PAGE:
Obscure Unitarians: Annie Upton Lawrence Corbert

A schoolteacher and supporter of women’s suffrage, Ann Upton Lawrence was born on Nantucket Is., Mass., on Oct., 1840, to Frederic W. Lawrence and Susan Hussey. Since her birth is recorded in the Quaker manner as “10th month” (rather than “October”), perhaps her family were Quakers; a Quaker upbringing could help explain her lifelong support of equal rights for women.

Her life can be traced through the U.S. Census. In 1850, she was living on Nantucket Is. with her father and mother, and younger siblings Amelia and Everett; her father was working as an accountant. By 1860, she was living with her father in San Francisco, and working as a school teacher; her father was working as a clerk, and they shared a house with William H. Lawrence, a mariner, and his wife and child.

Annie married Edward W. Corbert before 1866. In 1870, she and Edward were living in San Francisco, where Edward worked as “Assessor, Int. Rev.”; they had two children, Louise (b. c. 1866, Calif.), and Sadie (b. c. 1869, Calif.). In 1880, she and Edward were living in Martinez with Louise, Sadie, and Anita Lawrence (b. June, 1874, Calif.). By 1900, Annie was widowed and living with Anita in Palo Alto; Anita was working as a teacher. And in 1910, Annie was still living with Anita, as well as with her son-in-law, John Byxbee; John was the Palo Alto city engineer for whom Byxbee Park is named.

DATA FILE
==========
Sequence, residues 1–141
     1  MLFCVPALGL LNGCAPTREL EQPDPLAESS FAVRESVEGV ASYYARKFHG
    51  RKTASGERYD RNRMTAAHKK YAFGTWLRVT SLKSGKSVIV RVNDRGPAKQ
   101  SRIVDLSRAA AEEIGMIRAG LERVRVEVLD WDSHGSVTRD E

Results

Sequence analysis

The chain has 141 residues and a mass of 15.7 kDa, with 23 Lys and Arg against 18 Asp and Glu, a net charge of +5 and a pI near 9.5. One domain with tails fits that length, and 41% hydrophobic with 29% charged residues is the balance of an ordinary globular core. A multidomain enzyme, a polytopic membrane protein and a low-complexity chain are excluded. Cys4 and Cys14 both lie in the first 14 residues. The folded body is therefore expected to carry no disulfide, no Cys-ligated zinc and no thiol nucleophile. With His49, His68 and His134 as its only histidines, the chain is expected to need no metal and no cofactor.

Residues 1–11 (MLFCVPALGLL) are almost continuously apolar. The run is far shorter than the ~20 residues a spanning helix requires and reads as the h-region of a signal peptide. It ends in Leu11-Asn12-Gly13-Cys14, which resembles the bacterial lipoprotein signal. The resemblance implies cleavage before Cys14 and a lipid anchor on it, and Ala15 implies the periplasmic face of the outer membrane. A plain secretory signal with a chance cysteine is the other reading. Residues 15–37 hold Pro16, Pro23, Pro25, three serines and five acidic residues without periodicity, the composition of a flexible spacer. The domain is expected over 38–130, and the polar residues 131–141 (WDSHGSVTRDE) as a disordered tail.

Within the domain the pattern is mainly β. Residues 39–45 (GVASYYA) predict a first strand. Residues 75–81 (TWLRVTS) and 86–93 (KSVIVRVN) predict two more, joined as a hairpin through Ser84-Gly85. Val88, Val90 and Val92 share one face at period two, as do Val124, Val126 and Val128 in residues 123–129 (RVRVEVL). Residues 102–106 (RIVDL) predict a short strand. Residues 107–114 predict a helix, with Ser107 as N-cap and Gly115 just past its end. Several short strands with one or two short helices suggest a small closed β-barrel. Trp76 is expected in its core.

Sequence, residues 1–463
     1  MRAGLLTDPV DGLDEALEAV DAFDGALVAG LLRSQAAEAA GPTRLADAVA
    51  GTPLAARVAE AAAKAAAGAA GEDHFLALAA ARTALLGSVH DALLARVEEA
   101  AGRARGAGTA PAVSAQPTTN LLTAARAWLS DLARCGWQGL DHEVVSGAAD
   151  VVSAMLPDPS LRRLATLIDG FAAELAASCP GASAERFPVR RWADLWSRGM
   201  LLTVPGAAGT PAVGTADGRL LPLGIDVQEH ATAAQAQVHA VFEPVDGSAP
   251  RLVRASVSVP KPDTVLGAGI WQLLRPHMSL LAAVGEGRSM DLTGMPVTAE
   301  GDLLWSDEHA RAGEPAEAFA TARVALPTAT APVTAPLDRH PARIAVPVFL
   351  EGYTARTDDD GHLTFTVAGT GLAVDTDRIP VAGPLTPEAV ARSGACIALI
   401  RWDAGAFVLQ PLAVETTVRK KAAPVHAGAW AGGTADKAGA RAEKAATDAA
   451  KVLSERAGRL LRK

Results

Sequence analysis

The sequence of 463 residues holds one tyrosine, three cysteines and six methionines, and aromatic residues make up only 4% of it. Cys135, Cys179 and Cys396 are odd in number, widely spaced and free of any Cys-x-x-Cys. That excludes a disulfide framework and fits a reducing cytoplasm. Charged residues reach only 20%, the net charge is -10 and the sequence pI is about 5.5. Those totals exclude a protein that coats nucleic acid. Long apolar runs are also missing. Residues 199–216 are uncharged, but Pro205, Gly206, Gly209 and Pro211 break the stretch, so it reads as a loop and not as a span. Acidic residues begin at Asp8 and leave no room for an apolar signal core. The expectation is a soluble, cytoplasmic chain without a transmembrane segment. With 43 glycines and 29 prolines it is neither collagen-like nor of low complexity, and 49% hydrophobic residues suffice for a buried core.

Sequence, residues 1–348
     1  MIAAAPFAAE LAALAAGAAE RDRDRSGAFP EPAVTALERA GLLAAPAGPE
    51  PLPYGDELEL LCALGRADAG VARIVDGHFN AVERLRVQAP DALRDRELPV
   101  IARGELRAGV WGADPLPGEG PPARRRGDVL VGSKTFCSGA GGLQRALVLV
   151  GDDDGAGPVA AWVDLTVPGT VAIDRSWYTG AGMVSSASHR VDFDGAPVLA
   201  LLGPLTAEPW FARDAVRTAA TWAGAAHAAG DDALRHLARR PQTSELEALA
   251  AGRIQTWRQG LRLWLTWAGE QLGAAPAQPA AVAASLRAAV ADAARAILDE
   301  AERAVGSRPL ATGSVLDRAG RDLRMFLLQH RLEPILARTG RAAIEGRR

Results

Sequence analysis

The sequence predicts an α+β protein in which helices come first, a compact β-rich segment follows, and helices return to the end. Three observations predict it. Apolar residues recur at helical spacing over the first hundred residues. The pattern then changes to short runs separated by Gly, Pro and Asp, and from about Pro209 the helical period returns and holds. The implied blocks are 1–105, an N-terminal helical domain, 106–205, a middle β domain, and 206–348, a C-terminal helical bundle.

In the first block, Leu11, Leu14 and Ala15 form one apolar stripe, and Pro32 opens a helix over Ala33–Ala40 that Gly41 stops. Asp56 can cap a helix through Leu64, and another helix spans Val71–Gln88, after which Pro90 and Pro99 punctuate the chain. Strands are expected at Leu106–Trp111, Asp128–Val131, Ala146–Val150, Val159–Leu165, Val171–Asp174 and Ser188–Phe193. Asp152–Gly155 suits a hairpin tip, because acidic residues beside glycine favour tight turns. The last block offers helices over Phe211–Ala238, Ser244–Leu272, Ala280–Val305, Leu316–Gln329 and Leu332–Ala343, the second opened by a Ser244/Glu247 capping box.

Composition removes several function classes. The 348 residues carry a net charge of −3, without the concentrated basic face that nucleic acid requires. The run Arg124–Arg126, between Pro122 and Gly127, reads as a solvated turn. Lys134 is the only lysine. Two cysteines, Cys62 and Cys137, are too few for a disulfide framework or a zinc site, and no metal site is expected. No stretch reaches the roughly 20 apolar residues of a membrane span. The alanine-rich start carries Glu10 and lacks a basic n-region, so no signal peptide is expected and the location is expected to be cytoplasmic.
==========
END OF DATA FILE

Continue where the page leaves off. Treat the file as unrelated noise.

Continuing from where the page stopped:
Annie supported women’s suffrage. She was president of the Santa Clara County Equal Suffrage Assoc. in 1900, and said in her presidential address of that year, “We are simply waiting and watching, and working to strengthen our forces and our cause, so that at the golden moment we may be ready to spring into place.” She continued working for equal suffrage through the successful campaign in 1911 which gained California women the right to vote: “Mrs. John F. Byxbee, Mrs. George Rosebrook and Mrs. Annie L. Corbert entertained at a suffrage tea Thursday afternoon at the Byxbee home in Alma Street.”

Her civic activities were not limited to equal suffrage. She also found time to support the schools and the public library, and she belonged to the Palo Alto Woman’s Club, the Civic League, the Peace Society, and the Historical Society.

She was active in the early days of the Unitarian Church of Palo Alto, and was one of the early members of the Women’s Alliance. She helped run the Unitarian “Post Office Mission” in Palo Alto. She sang in the church choir, and her “clear true alto” voice was “always a power in quartette singing, even to the time of her last illness.” She divided her time between San Francisco and Palo Alto, and was also an officer for the San Francisco branch of the Women’s Alliance.

Her obituary in the Pacific Unitarian gave three samples of her religious philosophy, things she said not long before she died:

“As a church we should ask ourselves, continually, What is the church for—are we doing something worthy, or are we marking time.”

“I have found that we must not judge people. Minds are different, and we must not condemn as unworthy that which does not suit our own ideas.”

“The human soul is a lonely thing. It must stand by itself at the last.”

Notes: 1850, 1860, 1870, 1880, 1900, 1910 U.S. Census; Vital Records of Nantucket, Massachusetts, to 1850, vol. II—Births (G-Z), Boston: New England Historical Genealogical Society, 1926, p. 235; Gayle Gullett, Becoming Citizens: The Emergence and Development of the California Women’s Movement, 1880-1911, Univ. of Illinois Press, p. 109; San Francisco Call, Aug. 20, 1911; Pacific Unitarian, Aug., 1916, p. 262; Pacific Unitarian, March, 1915, p. 137.
N.B.: In the printed record, her married name is often spelled “Corbett,” but when she signed her name she wrote “Corbert”; furthermore, she signed her first name “Annie,” not “Ann.”

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